Friday, October 5, 2012

Amendment 8 pits religious groups against backers of church-state separation

Dead almost 120 years, James Blaine — the GOP presidential candidate in 1884 — is making an appearance in Florida's 2012 election.
When voters go to the polls in November, they will be asked if they want to delete the so-called Blaine Amendment from Florida's constitution. Also called the "no aid provision," it prohibits state aid to religious institutions.

The push to alter what has been in Florida's Constitution since 1885 has ignited a complicated, hot-button debate.
Those supporting a "yes" vote on Amendment 8 say removing Blaine's language will protect religious freedom and remove a sentence tainted by the politics and prejudices of the late 19th Century. Opponents call the measure an underhanded effort to expand school voucher programs and shift taxpayer funding from public to private schools.
Like similar provisions in more than 30 other states' constitutions, Florida's was named for Blaine, the Maine Congressman who tried unsuccessfully to get a similar sentence inserted into the U.S. Constitution. It bans state aid to "any church, sect, or religious denomination or…sectarian institution" and is viewed as a stricter requirement for church-state separation than found in the federal constitution.
The Florida Legislature, which put the measure on the ballot, wants it deleted and replaced with a sentence that says the government cannot deny funding based on religion. Sixty percent of voters must agree for the change to be made.
Catholic dioceses and organizations are leading the push for the proposal and have provided the bulk of the more than $177,000 raised in that effort.
They say the "no aid" provision is rooted in anti-Catholic bigotry — some argue racism, too — and threatens the ability of religious groups to offer government-funded social service programs.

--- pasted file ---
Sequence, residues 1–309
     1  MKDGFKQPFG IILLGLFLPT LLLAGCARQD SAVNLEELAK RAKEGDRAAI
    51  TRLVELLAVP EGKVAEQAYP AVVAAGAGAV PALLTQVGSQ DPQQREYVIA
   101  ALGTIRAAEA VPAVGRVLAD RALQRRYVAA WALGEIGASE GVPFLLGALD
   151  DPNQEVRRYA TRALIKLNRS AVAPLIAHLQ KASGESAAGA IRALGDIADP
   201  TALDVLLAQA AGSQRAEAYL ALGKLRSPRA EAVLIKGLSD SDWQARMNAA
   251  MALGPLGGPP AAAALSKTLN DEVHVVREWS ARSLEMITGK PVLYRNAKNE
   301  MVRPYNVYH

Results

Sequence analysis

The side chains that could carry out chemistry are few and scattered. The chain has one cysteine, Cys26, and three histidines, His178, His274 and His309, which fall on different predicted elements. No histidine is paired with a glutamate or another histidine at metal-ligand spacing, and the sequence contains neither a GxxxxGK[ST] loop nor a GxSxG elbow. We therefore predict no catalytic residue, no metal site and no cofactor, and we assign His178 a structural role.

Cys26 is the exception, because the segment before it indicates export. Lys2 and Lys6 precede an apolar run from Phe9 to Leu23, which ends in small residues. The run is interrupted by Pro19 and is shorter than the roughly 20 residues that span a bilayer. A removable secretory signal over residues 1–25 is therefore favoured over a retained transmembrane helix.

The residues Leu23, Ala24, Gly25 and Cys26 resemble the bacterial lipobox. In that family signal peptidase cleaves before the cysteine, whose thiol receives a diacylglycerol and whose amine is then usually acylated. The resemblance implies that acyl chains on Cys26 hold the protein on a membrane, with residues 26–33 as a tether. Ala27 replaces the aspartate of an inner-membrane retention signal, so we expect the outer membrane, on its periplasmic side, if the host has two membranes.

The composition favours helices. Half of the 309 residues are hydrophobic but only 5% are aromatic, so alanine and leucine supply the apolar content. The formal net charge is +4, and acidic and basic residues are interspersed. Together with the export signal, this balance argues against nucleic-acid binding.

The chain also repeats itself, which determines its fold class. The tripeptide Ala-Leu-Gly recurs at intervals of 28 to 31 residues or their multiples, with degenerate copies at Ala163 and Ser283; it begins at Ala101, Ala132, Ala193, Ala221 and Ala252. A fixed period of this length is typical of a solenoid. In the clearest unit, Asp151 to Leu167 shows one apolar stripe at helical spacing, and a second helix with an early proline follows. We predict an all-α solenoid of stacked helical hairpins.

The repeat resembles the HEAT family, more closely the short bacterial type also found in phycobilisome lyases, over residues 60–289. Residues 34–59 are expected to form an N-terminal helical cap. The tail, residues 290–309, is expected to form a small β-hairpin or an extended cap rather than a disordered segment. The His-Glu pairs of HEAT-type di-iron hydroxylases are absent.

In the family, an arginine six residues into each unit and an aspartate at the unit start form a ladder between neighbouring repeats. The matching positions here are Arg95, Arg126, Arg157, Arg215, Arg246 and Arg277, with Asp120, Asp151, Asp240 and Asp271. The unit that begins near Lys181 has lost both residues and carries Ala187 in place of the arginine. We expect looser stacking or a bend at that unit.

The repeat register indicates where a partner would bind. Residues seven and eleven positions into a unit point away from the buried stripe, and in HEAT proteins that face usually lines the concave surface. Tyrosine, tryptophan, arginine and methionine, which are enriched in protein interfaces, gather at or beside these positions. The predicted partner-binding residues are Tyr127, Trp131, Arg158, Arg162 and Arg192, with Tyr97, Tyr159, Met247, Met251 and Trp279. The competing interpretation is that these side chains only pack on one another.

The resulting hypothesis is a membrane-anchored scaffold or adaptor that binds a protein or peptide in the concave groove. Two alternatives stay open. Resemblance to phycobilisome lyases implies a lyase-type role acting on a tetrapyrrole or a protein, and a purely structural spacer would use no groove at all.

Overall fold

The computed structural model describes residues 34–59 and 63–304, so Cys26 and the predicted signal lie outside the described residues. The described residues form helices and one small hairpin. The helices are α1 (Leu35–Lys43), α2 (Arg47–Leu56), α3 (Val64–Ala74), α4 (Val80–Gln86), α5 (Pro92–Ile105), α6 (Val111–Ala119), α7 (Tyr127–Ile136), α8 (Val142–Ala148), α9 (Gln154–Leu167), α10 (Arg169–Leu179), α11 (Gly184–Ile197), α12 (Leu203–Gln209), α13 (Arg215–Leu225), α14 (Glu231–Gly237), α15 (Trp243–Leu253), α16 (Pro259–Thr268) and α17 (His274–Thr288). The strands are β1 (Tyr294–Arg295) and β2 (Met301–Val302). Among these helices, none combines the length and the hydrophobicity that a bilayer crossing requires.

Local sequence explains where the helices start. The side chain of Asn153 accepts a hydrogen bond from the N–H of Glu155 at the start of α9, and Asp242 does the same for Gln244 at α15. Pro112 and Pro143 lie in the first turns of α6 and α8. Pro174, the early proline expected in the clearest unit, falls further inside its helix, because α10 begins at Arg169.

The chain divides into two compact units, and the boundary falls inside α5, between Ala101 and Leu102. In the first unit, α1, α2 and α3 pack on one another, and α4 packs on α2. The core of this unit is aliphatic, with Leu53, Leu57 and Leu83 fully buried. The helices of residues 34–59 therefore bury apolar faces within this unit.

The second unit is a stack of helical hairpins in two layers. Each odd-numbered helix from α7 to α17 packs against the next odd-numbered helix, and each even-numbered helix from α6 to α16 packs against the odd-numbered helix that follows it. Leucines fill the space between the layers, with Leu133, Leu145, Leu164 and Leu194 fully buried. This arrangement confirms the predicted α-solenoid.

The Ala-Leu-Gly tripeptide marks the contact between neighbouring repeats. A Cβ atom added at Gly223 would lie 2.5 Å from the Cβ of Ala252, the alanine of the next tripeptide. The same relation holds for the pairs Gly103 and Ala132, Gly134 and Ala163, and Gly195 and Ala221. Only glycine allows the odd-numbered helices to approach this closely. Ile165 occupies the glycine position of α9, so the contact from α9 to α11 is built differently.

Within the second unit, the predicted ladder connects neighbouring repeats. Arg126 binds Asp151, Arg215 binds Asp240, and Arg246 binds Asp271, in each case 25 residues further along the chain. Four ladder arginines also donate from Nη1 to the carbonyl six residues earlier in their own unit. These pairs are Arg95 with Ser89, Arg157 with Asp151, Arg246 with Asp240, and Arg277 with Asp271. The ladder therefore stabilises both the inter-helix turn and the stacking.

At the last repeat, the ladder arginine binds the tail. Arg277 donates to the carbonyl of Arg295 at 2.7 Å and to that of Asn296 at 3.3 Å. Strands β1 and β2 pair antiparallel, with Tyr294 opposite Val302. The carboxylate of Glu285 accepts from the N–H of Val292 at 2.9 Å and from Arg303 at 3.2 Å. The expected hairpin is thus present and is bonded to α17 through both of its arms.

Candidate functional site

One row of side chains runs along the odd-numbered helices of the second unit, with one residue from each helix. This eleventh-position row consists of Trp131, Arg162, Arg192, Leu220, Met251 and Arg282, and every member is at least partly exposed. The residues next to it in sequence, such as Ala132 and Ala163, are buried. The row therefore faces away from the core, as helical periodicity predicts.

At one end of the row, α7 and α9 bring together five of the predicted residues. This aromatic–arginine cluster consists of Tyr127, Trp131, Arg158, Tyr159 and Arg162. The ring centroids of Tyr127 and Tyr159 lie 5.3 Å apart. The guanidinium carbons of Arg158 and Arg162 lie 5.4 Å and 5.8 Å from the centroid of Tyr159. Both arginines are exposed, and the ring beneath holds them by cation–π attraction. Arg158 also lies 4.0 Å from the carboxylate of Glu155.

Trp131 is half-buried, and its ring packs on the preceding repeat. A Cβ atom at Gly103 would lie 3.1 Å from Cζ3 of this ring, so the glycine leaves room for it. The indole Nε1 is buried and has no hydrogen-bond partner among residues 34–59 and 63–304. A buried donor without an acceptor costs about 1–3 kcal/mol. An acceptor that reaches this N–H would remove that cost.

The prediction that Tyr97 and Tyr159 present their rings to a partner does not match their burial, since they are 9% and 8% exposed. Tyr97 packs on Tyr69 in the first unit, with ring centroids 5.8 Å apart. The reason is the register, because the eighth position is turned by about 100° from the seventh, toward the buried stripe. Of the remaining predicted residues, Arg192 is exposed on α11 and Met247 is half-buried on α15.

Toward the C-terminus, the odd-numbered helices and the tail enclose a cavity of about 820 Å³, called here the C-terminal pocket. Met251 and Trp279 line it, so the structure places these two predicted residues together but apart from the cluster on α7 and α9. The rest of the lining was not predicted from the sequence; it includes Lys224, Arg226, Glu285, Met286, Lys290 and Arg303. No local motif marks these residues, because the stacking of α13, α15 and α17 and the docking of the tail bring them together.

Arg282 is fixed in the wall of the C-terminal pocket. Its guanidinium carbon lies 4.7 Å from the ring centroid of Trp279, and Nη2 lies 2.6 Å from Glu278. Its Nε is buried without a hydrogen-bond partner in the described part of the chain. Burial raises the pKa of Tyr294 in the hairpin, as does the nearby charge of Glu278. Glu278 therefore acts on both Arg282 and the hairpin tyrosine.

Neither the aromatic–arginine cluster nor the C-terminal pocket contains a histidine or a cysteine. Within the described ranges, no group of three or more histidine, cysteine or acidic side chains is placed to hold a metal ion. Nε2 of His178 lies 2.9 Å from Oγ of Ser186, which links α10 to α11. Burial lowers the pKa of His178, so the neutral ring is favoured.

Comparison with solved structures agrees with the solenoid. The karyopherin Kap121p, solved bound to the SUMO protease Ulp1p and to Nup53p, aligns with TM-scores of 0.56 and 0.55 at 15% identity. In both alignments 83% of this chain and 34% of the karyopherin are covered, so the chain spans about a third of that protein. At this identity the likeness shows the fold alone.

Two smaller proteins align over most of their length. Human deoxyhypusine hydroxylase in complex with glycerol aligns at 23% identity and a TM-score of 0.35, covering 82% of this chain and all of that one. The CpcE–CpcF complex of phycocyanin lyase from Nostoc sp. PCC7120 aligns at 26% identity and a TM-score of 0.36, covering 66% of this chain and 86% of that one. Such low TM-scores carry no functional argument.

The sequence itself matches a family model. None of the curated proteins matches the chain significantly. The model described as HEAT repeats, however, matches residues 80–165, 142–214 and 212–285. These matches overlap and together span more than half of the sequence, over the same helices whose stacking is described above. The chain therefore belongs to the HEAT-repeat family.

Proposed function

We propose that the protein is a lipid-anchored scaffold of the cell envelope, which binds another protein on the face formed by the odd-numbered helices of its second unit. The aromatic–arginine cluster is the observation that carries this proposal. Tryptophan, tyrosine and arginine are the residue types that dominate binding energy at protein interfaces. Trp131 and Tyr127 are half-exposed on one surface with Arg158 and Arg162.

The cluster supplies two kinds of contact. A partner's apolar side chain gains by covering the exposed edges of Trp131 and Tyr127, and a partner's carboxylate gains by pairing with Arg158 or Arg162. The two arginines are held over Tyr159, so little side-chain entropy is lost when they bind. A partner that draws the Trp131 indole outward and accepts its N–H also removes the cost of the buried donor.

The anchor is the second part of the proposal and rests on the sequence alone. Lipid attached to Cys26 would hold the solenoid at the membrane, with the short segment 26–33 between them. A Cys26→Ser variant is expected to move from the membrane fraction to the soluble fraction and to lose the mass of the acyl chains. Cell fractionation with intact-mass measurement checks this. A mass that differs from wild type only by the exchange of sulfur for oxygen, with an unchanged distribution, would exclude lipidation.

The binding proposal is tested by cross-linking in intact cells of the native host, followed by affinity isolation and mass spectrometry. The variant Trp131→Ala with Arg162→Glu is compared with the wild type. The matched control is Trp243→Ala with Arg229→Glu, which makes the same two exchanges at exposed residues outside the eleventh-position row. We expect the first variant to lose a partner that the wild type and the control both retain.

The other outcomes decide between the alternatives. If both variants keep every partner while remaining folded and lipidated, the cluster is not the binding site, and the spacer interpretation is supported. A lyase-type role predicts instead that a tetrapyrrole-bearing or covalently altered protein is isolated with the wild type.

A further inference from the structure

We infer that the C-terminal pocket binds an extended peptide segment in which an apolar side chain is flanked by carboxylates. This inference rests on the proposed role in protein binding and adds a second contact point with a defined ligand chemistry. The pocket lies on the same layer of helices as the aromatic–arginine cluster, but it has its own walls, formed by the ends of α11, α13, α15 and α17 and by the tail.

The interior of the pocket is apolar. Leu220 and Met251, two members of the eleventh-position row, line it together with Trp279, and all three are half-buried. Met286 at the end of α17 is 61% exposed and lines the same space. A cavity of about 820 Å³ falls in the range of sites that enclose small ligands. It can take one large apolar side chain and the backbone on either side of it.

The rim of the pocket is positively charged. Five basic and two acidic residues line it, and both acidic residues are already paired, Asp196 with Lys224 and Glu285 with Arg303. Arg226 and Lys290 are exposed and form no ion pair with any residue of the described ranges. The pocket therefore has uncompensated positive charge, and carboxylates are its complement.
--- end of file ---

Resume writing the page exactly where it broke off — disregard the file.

The reason for the ballot push, they say, is a 2007 case in which two Christian halfway houses for prisoners were sued on the grounds that their state contracts violated Florida's "no aid" provision. The case remains unresolved, but an appeals court has ruled that a trial can proceed.
"We do see the current provision as a threat," said Michael Sheedy of the Florida Conference of Catholic Bishops.
The Becket Fund for Religious Liberty is representing the Florida halfway houses and has been fighting to remove Blaine Amendments from state constitutions.
"They act as kind of a disqualifying measure specifically for religious entities," said Eric Rassbach, deputy general counsel.
Opponents include most major education groups, such as the Florida PTA, the Florida School Boards Association and Florida Education Association teachers' union. They have $1 million from the union's political action committee to use in their campaign against it.
They call the ballot measure's "religious freedom" title a misnomer, arguing Catholics and other religious groups take part in many public offerings, from health-care to Florida's pre-kindergarten program.


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